In some settings measurements and tests in different conditions may be correlated with one another. For example, in eQTL applications this can occur due to sample overlap among the different conditions.

Failure to deal with such correlations can cause false positives in a `mashr`

analysis.

To deal with these correlations `mashr`

allows the user to specify a correlation matrix \(V\) when setting up the data in `mash_set_data`

. We introduce two methods to estimate this correlation matrix. The first method is simple and fast. It estimates the correlation matrix using `estimate_null_correlation_simple`

, which, as its name suggests, uses the null tests (specifically, tests without a strong \(z\) score) to estimate the correlations. The second method may provide a better `mash`

fit. It estimates the correlations using `mash_estimate_corr_em`

, which uses an ad hoc EM algorithm.

The method is described in Urbut et al.

Here we simulate data with correlations.

```
library(mashr)
set.seed(1)
simdata = simple_sims(500,5,1)
V = matrix(0.5,5,5)
diag(V) = 1
simdata$Bhat = simdata$B + mvtnorm::rmvnorm(2000, sigma = V)
```

Read in the data, and estimate correlations:

```
data = mash_set_data(simdata$Bhat, simdata$Shat)
V.simple = estimate_null_correlation_simple(data)
data.Vsimple = mash_update_data(data, V=V.simple)
```

Now we have two mash data objects, one (`data.Vsimple`

) with correlations specified, and one without (`data`

). So analyses using `data.Vsimple`

will allow for correlations, whereas analyses using `data`

will assume measurements are independent.

Here, for illustration purposes, we proceed to analyze the data with correlations, using just the simple canonical covariances as in the initial introductory vignette.

```
U.c = cov_canonical(data.Vsimple)
m.Vsimple = mash(data.Vsimple, U.c) # fits with correlations because data.V includes correlation information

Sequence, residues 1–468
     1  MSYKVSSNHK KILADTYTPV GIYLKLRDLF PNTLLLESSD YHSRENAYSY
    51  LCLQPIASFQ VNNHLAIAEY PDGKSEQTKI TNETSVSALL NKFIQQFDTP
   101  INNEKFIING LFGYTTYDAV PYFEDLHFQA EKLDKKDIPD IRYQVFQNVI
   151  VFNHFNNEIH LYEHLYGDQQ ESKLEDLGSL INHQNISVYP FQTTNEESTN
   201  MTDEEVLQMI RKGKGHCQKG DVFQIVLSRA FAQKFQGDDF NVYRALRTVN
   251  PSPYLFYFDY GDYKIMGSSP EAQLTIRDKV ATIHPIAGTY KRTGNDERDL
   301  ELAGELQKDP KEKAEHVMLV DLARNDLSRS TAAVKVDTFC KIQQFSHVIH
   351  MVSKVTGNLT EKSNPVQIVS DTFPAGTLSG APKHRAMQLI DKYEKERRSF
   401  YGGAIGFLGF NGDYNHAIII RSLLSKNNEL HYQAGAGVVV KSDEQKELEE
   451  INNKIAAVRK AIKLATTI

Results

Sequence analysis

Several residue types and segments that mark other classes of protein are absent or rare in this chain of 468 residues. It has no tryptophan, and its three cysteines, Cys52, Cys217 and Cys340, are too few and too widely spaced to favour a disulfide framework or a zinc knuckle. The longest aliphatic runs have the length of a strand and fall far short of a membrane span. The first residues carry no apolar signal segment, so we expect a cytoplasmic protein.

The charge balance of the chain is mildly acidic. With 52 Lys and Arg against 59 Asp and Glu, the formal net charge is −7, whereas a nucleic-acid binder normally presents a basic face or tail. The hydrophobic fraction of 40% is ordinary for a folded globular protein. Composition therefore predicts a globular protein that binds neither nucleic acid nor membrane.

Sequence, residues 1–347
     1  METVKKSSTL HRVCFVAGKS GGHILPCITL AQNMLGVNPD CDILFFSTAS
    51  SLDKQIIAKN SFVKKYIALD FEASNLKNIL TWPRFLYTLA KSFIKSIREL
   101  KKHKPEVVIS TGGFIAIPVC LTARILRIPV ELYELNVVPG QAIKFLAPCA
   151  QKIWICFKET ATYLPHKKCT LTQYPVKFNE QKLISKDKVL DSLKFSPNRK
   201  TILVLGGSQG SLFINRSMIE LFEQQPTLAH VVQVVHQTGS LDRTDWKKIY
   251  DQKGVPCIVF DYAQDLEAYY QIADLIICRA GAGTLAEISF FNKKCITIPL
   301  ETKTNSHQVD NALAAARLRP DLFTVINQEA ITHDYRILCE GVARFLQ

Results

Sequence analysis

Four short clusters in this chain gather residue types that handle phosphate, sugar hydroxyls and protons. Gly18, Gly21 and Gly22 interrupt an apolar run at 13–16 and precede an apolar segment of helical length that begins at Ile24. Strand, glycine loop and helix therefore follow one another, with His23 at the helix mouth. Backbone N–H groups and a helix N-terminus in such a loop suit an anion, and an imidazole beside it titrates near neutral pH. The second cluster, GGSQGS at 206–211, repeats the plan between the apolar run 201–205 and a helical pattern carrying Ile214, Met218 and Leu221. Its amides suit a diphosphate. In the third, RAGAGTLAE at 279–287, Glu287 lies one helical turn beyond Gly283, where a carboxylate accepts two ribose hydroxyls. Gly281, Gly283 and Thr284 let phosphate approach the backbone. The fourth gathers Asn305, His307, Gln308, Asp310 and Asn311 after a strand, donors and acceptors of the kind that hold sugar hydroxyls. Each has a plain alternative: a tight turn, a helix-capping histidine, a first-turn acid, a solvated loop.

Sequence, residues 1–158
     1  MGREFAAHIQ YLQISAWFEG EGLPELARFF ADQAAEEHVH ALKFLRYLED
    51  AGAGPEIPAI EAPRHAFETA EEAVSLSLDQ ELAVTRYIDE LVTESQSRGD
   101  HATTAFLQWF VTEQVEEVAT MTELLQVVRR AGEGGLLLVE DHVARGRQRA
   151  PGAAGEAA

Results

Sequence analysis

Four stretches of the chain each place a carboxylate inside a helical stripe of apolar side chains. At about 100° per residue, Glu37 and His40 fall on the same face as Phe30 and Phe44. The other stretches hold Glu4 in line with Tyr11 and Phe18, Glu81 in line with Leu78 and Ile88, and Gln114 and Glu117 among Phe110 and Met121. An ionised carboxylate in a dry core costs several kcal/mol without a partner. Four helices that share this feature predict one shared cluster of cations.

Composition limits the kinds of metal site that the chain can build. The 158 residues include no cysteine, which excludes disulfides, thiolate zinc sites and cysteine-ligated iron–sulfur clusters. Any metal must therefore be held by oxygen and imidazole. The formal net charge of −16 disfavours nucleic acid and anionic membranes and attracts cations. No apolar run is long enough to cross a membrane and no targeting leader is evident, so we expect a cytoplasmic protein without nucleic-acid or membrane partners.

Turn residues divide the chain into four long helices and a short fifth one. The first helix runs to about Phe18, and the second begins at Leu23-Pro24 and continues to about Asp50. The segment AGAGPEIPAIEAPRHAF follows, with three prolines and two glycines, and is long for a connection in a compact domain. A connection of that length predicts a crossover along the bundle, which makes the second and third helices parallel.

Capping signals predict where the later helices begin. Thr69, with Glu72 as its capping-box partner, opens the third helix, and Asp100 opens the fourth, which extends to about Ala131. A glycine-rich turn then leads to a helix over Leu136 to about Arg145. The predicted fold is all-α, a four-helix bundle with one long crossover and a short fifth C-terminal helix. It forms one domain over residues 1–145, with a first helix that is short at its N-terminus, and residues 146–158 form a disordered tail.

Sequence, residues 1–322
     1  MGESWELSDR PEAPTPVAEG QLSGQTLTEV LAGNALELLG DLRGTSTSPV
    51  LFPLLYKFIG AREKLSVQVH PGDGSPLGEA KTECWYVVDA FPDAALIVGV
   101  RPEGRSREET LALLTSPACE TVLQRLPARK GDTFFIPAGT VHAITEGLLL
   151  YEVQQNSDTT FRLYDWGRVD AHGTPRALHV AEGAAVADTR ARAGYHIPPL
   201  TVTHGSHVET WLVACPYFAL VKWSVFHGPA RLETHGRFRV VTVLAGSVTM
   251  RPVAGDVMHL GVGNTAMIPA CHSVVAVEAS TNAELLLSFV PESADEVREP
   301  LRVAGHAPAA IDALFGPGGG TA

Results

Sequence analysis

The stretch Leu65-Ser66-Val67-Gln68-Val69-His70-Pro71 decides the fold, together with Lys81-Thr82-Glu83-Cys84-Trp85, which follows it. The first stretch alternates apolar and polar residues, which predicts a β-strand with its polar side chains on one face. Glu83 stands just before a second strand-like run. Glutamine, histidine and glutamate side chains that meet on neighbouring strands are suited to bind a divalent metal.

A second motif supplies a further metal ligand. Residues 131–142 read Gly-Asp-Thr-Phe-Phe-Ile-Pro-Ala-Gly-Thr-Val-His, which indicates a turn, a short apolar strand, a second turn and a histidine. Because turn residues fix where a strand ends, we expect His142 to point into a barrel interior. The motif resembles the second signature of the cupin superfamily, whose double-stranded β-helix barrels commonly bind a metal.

```

```
# - Computing 2000 x 151 likelihood matrix.
# - Likelihood calculations took 0.04 seconds.
# - Fitting model with 151 mixture components.
# - Model fitting took 0.56 seconds.
# - Computing posterior matrices.
# - Computation allocated took 0.02 seconds.
```

`# [1] -14689.87712`

We can also compare with the original analysis. (Note that the canonical covariances do not depend on the correlations, so we can use the same `U.c`

here for both analyses. If we used data-driven covariances we might prefer to estimate these separately for each analysis as the correlations would affect them.)

```
# - Computing 2000 x 151 likelihood matrix.
# - Likelihood calculations took 0.04 seconds.
# - Fitting model with 151 mixture components.
# - Model fitting took 0.63 seconds.
# - Computing posterior matrices.
# - Computation allocated took 0.03 seconds.
```

`# [1] -14904.79133`

```
loglik = c(get_loglik(m.orig), get_loglik(m.Vsimple))
significant = c(length(get_significant_results(m.orig)), length(get_significant_results(m.Vsimple)))
false_positive = c(sum(get_significant_results(m.orig) < 501),
sum(get_significant_results(m.Vsimple) < 501))
tb = rbind(loglik, significant, false_positive)
colnames(tb) = c('without cor', 'V simple')
row.names(tb) = c('log likelihood', '# significance', '# False positive')
tb
```

```
# without cor V simple
# log likelihood -14904.79 -14689.88
# # significance 410.00 89.00
# # False positive 62.00 2.00
```

The log-likelihood with correlations is higher than without correlations. The false positives reduce.

The method is described in Yuxin Zouâ€™s thesis.

To estimate the residual correlations using EM method, it requires covariance matrices for the signals. We proceed with the simple canonical covariances.

With `details = TRUE`

in `mash_estimate_corr_em`

, it returns the estimates residual correlation matrix with the mash fit.

```
V.em = mash_estimate_corr_em(data, U.c, details = TRUE)
m.Vem = V.em$mash.model
print(get_loglik(m.Vem),digits=10) # log-likelihood of the fit
```

`# [1] -14654.32361`

```
loglik = c(get_loglik(m.orig), get_loglik(m.Vsimple), get_loglik(m.Vem))
significant = c(length(get_significant_results(m.orig)), length(get_significant_results(m.Vsimple)),
length(get_significant_results(m.Vem)))
false_positive = c(sum(get_significant_results(m.orig) < 501),
sum(get_significant_results(m.Vsimple) < 501),
sum(get_significant_results(m.Vem) < 501))
tb = rbind(loglik, significant, false_positive)
colnames(tb) = c('without cor', 'V simple', 'V EM')
row.names(tb) = c('log likelihood', '# significance', '# False positive')
tb
```

```
# without cor V simple V EM
# log likelihood -14904.79 -14689.88 -14654.32
# # significance 410.00 89.00 95.00
# # False positive 62.00 2.00 0.00
```

Comparing with Method 1, the log likelihood from Method 2 is higher.

The EM updates in `mash_estimate_corr_em`

needs some time to converge. There are several things we can do to reduce the running time. First of all, we can set the number of iterations to a small number. Because there is a large improvement in the log-likelihood within the first few iterations, running the algorithm with small number of iterations provides estimates of correlation matrix that is better than the initial value. Moreover, we can estimate the correlation matrix using a random subset of genes, not the whole observed genes.